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Markets continue await US inflation fall

US inflation data showed another jump. Markets can only resume a bullish trend when it is clear inflation has peaked in the US and when it is possible to see an end to rate rises.

| 5 min read

Last week's further rise in US inflation knocked markets again. The new headline number of 8.6% edged above the March high of 8.5% - and reminded investors that the price rises are proving tough to control.

Energy and food were, as usual, at the forefront – but so were airline fares and shelter. For the consumer, the advancing prices of petrol at the pumps is the outward sign that inflation is rampant. They make inflation President Biden's main preoccupation, as the US is wedded to relatively-cheap gas or motor fuel. We have been warning of more turbulence until we can see the pathway down to lower inflation and until the Fed thinks it can abate its hawkishness. These figures temporarily reinforce the need for the Fed to act tough as well as talk tough.

Meanwhile, Russia announced the return of interest rates to the 9.5% level that prevailed before the invasion of Ukraine. The ruble, which was badly hit by the opening of hostilities falling away from around 70 rubles to the dollar to nearly 140, has strengthened again. The Russian imposition of strict capital controls and insistence on ruble payments for its oil has delivered a very strong currency, now at 57 to the dollar. There is a view that, despite increasingly-tough sanctions, Russia is making a lot of money out of the much higher oil price her brutal attack on Ukraine has generated. It is clear from these moves that Russia is still selling a lot of oil and oil products.

Oil still vital in energy mix

We have argued for some time that this decade is still going to be mainly powered and heated by fossil fuels. The pace of transition to electricity from carbon-based fuels, and the pace of switching electricity generation from coal and gas to renewables, is such that we are likely to be needing more gas and still wanting 100 million barrels a day of oil for the next few years at least.

Russia was an important part of that equation, supplying more than 10% of the world's oil and a large proportion of Europe's gas, at around 40% of the total. It is true that, for now, the European Union has decided to rely on continuing gas and oil flows from Russia, whilst working to eliminate all non-pipeline oil by the end of this year and to reduce the gas gradually. Russia supplies up to 1.4 million barrels of oil a day by the Druzhba pipeline. Russia is also an important supplier of oil products, amounting to around 2.85 million barrels a day before the war.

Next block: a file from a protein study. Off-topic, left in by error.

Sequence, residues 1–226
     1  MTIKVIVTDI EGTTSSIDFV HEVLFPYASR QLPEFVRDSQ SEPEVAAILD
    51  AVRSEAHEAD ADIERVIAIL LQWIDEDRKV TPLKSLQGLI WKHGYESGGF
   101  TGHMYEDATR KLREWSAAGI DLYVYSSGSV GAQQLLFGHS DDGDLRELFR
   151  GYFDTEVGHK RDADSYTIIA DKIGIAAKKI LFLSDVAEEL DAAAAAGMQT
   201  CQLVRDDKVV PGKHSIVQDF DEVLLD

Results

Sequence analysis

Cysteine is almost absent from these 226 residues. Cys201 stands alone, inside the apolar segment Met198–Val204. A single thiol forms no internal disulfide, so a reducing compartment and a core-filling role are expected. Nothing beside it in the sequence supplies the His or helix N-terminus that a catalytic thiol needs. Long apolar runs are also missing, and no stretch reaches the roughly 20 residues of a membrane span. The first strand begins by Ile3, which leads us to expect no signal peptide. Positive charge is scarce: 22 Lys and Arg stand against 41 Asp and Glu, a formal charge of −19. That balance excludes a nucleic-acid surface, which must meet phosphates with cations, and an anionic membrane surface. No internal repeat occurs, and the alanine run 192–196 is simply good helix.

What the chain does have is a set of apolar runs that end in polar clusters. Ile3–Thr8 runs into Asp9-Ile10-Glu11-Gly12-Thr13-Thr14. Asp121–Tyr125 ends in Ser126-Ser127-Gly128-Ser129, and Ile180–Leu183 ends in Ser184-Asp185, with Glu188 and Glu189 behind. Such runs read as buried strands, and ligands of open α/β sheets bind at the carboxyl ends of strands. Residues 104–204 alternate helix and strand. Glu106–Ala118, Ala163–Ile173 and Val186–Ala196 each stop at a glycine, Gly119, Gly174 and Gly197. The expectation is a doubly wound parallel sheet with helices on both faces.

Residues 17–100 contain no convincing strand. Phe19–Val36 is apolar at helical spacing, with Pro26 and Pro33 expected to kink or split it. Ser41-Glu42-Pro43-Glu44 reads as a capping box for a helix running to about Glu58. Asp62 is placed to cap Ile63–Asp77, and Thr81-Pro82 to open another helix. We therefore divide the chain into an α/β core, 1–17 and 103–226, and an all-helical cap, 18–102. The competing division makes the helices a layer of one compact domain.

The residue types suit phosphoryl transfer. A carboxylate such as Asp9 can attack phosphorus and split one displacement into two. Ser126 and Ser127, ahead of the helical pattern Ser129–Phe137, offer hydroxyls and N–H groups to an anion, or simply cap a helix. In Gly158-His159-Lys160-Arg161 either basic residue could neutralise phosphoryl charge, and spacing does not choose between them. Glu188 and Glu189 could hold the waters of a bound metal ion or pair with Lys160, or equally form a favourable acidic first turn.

Oil prices are up 60% this year rather than a larger amount which they would be if significant percentages of Russian oil output had stopped.

Opec thinks Russian oil output fell by 9.6% in April and may fall further for the year as a whole. It is difficult to know, as there are plenty of stories of oil being exported by ship from Russia without the usual documentation or visibility of cargo.

There are strong rumours that this oil can be switched to another ship at sea to disguise the origins of oil and allow it to circulate in countries that have imposed sanctions or can go on an illegal journey without the usual transparency. There is also evidence of Russia selling more to countries such as China and India that do not impose restrictions, but like a bargain. As a result, oil prices are up 60% this year rather than a larger amount than they would be if significant percentages of Russian oil output had stopped.

The west faces this dilemma

Inadequate sanctions and a lack of enforcement mean there is no effective blockade on Russian oil. Russia is enjoying a bonanza on the oil it manages to sell and transport – thanks to the high prices now charged even at a discount to market price. Should more countries join the ban on Russian oil – and help enforce it – the world oil price would shoot up further, increasing the likelihood of a recession.

Markets are assuming there will still be substantial supplies of Russian oil to those who will buy it to avoid a further crunch over oil supply. As western sanctions increasingly bite, more shipped oil will need to be diverted to vessels not registered in European or American jurisdictions. So far, Cypriot, Maltese and Greek flagged-and-owned ships have done well out of the diversion of oil from Russian vessels.

Markets can only resume a bullish trend when it is clear inflation has peaked in the US and when it is possible to see an end to rate rises. The latest inflation news prolongs the worries. The ten-year US bond yield moved up to 3.167%, proving 3% is no barrier. In sympathy, and facing its own inflation problems, the German ten-year bund hit 1.5% and the Italian a worrying 3.77%. Inflation should be falling in the months ahead but, in the meantime, central banks are having to opt for tighter money, to restore some of the damage done by being too loose for too long.

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Markets continue await US inflation fall

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